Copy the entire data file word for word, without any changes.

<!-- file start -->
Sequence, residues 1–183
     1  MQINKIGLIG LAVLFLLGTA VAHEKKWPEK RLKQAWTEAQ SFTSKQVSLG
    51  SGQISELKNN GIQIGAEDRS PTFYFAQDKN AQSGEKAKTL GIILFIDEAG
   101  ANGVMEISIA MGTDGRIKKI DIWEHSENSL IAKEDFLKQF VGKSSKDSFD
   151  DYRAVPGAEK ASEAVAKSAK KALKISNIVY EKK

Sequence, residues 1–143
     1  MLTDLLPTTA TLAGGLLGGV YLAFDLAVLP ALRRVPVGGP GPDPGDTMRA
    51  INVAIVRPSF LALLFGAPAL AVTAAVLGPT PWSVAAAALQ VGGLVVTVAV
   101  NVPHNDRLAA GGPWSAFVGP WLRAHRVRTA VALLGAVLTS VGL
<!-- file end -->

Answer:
Sequence, residues 1–183
     1  MQINKIGLIG LAVLFLLGTA VAHEKKWPEK RLKQAWTEAQ SFTSKQVSLG
    51  SGQISELKNN GIQIGAEDRS PTFYFAQDKN AQSGEKAKTL GIILFIDEAG
   101  ANGVMEISIA MGTDGRIKKI DIWEHSENSL IAKEDFLKQF VGKSSKDSFD
   151  DYRAVPGAEK ASEAVAKSAK KALKISNIVY EKK

Sequence, residues 1–143
     1  MLTDLLPTTA TLAGGLLGGV YLAFDLAVLP ALRRVPVGGP GPDPGDTMRA
    51  INVAIVRPSF LALLFGAPAL AVTAAVLGPT PWSVAAAALQ VGGLVVTVAV
   101  NVPHNDRLAA GGPWSAFVGP WLRAHRVRTA VALLGAVLTS VGL